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Adopted Rules: Closed to Comments

Adopted Rules Content: 

Statement of Basis and Purpose of Rule

The New York City Identification Card Program (“IDNYC Card Program”), first launched in January 2015, is now in its fourth year of operations and includes over a million cardholders. 

In April 2016, the program issued its first set of amendments to the rules governing the program based on its experience in its first year and recommendations from stakeholders, including applicants, advocates, IDNYC enrollment staff and members of the City Council.  Now, based on additional experience and feedback, the IDNYC program is issuing a second set of amendments that will, among other things:

Expand the reach of the card by lowering the minimum age to obtain a card from 14 years of age to 10 years of age.  At the age of 10 or 11, many pre-teens begin walking or taking public transportation to school and other destinations by themselves. The IDNYC card will increase their safety and ease parents’ concerns because, for those under 14, it will include a required field for an emergency contact, which is optional for those 14 and over. This will make it easier for police and other first responders to help children reconnect with their parents in emergency situations.  Applicants under 14 will only be able to apply for the card with a caretaker and their cards will expire two years after issuance instead of the regular expiration date of 5 years after issuance for cardholders 14 years of age and older.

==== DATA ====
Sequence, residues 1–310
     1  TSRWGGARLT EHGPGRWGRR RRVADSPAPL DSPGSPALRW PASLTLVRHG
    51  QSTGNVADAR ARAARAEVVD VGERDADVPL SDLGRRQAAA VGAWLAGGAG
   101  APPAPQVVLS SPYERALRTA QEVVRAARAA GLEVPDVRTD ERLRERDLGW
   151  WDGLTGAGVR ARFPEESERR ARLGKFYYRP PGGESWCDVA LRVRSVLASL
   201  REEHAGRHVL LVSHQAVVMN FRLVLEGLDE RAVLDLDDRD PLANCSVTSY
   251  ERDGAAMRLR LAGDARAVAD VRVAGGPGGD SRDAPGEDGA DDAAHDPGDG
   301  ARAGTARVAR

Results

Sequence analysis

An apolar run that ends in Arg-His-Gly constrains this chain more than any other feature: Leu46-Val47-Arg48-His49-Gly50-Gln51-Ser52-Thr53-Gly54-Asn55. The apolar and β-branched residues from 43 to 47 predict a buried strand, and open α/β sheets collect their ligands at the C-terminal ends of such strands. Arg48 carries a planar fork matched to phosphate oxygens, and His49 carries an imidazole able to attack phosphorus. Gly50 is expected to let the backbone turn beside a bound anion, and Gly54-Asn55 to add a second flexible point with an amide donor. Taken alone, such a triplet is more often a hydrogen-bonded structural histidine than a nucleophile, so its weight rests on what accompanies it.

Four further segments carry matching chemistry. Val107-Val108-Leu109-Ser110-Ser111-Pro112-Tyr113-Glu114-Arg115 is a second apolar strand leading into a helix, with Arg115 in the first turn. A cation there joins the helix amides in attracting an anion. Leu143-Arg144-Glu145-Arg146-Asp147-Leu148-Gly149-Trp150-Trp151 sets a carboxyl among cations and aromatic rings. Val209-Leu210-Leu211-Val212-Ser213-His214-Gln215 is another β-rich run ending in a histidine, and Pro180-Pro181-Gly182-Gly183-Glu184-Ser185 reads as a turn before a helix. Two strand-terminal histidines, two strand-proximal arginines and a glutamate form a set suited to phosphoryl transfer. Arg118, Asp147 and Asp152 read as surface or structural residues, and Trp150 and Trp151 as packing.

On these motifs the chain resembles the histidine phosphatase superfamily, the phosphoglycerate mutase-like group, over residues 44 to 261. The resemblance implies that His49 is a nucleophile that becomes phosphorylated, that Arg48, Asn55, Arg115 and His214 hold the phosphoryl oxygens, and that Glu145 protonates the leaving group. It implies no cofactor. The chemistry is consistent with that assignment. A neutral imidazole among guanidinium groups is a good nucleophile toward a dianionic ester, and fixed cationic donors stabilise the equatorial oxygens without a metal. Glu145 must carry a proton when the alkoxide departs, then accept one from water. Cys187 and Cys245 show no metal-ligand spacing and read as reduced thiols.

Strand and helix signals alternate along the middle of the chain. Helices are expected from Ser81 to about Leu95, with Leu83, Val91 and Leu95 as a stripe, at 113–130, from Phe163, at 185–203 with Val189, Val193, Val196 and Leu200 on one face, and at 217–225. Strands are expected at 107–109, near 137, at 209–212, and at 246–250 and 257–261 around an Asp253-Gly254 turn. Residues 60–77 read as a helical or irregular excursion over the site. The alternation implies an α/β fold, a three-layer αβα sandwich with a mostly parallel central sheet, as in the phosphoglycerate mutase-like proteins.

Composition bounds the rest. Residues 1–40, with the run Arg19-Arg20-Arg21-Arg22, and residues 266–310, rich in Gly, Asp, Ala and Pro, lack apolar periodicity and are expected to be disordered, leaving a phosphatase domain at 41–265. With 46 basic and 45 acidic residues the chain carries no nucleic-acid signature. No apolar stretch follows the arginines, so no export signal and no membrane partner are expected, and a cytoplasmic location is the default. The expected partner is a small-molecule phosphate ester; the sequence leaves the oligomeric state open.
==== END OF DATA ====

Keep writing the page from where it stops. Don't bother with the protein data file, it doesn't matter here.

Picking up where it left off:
Allow the program, in certain limited instances, to accept data and electronic versions of documents as proof of identity and residency.

Add residency documents for students living in college dormitories.

Clarify IDNYC’s policy of reserving the right to not accept a document that it is unable to verify, even if it appears on a list of IDNYC-accepted documents.  This has always been the policy of IDNYC, but these amendments add a provision explicitly stating that IDNYC reserves the right not to accept any document, or type of document, whose validity it is not able to verify.

Additionally, a number of amendments, including to the section involving the opportunity for a secondary review following denial of an application, are made because of a change in program policy, instituted in January 2017, to no longer scan or otherwise make copies of applicants’ identity and residency documents.

Subsequent to publication of the proposed rule and the public hearing, a number of minor changes were made to enhance clarity, and the rule:

Allows caretakers of 10-13 year old applicants to choose to have the applicant’s address omitted from the card; and

No longer provides that certified translations of documents are accepted, but instead explains that IDNYC will provide free on-site document translation services for applicants who present documents in a language other than English. 

HRA’s authority for this rule may be found in Sections 603 and 1043 of the City Charter, Administrative Code Section 3-115, and Executive Order No. 6 of 2014.

Effective Date: 
Wed, 08/01/2018